**** (Four stars)
A Packed House Gettin’ Drowsy on a Saturday Night
July 26, 2010, I drive up to the Zach-Scott theater only to pull into a lot already packed with cars 20 minutes to show time. A definite perk is the provided space for free parking, but after circling the lot, I hurry to find street parking nearby. Initially I think, ‘this is a show that everyone has come to see, so I’d better rush for my ticket!’ I walk up to the box office on one side to find “Becky’s New Car,” and realize there are two shows playing simultaneously this saturday eve. I’m not sure if this is a regular occurence, but the parking situation made sense in that regard. All the same, I easily found street parking nearby.
My enthusiasm for the show is encouraged once I enter the Kleberg stage, as it’s packed with patrons in their classy summer best. I make my way to Will Call for my ticket, to concessions for a drink, and then to my seat to get a little drowsy. Well, maybe not in the way you might think…
To say the least, “The Drowsy Chaperone” is an over-the-top musical for the modern patron yearning to revisit classic Broadway (from Vaudeville to audience interacting improv) entertainment in a venue where the performance is literally at your finger-tips.
The set design is warm and comfortable, which easily blurs the line between stage and living room. Visuals are beautiful with both set design and costumes to bring an authentic feel. Modern meets classical as we join our host, the Man in Chair (expertly performed by Martin Burke), and his journey to share his favorite 1928 musical in the comfort of his home. Burke’s character critiques theater from the perspective of a patron, delivers behind the scenes gossip of classic actors, and playfully dances upon hot topics; including but not limited to broad racial stereotypes on stage (which they’ve “banished to Disney”).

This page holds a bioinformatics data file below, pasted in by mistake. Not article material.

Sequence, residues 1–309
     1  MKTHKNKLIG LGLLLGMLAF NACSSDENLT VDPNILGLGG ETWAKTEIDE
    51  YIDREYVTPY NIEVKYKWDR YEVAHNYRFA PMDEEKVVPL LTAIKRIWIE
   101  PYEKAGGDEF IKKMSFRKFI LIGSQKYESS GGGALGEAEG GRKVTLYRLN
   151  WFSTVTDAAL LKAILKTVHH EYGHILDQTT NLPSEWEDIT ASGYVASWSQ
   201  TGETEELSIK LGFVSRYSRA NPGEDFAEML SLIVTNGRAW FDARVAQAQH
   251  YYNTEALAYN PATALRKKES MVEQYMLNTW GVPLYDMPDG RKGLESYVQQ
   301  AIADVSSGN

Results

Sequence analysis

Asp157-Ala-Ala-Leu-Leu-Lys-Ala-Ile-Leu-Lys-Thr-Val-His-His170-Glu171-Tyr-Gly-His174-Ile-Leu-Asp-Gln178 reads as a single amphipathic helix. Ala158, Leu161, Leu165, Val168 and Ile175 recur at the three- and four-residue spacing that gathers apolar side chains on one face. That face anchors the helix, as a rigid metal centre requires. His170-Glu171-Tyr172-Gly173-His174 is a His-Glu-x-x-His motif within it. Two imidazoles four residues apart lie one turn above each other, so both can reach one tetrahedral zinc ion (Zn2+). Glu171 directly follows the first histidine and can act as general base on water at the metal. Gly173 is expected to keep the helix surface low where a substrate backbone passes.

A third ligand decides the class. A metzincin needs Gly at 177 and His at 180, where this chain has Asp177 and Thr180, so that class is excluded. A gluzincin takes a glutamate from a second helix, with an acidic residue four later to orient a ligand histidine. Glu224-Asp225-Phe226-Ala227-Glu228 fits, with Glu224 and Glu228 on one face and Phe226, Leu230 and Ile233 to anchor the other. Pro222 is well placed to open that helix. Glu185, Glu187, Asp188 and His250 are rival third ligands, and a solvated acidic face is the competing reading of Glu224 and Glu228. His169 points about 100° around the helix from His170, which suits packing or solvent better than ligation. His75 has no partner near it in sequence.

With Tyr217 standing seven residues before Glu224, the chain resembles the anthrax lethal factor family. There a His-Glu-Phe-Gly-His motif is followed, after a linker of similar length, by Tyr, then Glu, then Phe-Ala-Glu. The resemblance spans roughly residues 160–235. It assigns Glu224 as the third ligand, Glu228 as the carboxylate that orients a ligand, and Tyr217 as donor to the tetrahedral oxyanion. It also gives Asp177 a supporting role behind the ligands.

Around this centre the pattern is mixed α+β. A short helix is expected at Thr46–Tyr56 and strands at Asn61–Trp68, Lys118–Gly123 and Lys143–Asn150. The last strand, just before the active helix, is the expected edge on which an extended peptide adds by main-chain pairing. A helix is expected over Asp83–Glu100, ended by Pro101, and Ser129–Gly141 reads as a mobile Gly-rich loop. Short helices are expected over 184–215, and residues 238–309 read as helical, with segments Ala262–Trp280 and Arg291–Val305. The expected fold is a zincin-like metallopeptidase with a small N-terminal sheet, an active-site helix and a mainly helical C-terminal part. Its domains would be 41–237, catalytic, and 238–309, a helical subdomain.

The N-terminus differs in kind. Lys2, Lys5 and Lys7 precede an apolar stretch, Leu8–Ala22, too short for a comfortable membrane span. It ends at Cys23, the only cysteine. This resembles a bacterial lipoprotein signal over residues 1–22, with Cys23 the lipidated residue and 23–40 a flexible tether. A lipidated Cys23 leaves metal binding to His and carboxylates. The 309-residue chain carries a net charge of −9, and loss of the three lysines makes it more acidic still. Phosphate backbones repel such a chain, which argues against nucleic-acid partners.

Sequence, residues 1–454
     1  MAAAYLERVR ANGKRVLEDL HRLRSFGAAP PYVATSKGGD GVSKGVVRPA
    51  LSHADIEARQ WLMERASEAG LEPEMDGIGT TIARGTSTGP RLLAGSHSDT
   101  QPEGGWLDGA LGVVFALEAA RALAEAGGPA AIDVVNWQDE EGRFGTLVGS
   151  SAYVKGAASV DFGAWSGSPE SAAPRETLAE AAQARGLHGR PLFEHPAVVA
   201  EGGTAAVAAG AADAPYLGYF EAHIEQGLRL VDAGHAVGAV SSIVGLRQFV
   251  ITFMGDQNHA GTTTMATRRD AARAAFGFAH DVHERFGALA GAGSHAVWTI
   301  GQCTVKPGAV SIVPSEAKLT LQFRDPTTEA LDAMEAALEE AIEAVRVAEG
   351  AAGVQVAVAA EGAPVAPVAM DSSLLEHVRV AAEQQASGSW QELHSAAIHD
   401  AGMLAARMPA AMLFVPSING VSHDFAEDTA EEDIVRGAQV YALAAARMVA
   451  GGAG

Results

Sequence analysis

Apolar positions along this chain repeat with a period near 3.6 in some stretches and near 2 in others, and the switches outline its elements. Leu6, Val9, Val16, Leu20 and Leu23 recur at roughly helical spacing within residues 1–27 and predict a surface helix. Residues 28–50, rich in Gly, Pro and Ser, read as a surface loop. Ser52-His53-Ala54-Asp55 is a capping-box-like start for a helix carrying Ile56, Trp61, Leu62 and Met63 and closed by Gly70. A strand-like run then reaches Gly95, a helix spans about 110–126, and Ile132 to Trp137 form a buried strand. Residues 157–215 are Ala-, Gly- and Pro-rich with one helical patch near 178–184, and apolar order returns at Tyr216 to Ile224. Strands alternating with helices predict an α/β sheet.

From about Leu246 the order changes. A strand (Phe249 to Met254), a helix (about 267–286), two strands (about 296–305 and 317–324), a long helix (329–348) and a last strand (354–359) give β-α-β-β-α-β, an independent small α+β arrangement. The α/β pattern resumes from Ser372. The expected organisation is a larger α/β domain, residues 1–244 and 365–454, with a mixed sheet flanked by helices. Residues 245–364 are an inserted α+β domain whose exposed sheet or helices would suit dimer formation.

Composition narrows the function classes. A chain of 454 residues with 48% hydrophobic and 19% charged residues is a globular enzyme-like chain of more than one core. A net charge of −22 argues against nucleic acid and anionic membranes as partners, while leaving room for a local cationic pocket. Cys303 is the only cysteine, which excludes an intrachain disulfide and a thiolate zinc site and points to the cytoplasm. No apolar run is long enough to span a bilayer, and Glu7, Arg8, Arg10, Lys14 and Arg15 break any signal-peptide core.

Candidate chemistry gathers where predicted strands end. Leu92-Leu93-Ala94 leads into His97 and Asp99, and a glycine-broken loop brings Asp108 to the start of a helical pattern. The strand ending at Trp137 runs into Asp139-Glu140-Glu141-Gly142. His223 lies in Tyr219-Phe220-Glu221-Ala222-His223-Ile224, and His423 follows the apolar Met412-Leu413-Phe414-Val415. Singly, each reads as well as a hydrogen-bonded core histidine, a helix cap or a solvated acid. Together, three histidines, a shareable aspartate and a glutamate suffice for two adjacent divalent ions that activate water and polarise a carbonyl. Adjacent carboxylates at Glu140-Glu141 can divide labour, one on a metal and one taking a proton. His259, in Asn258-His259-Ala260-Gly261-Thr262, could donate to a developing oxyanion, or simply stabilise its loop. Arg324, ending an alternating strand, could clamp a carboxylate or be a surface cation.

To highlight a particular favorite moment of mine, a costume change executed at the peak of the musical number “Show Off” by the stunning Janet Van de Graff (Jill Blackwood), while her Chaperone (Meredith McCall) takes continuous swigs of her champagne; a beverage that she claims makes her vey drowsy.
Singing and dancing performances (tap scene with Matthew Redden and Sean McGibbon), slapstick in true Vaudeville fashion, and comedic audience feedback improv exceed top expectations by this cast of seasoned actors.
However, this only leads to the intermission!
By the second act, the audience has plenty of time to stretch their legs, swing by concessions, and possibly a trip to the powder room. By this point, I’m pretty sure the entire audience is feeling a little drowsy.
Expecting much of the same that has already happily entertained, the audience is pleasantly surprised as the scenes are taken to a higher level of hilarity including: dancing monkeys, stolen kisses, plot twists, and more to help you determine your “right from left, and your left from wrong.” Not to be spoiled by my enthusiastic review, don’t miss this fun performance great for both the veteran theater-goer and new patrons to the stage alike.
A-Team and Greater Austin Creative Alliance Member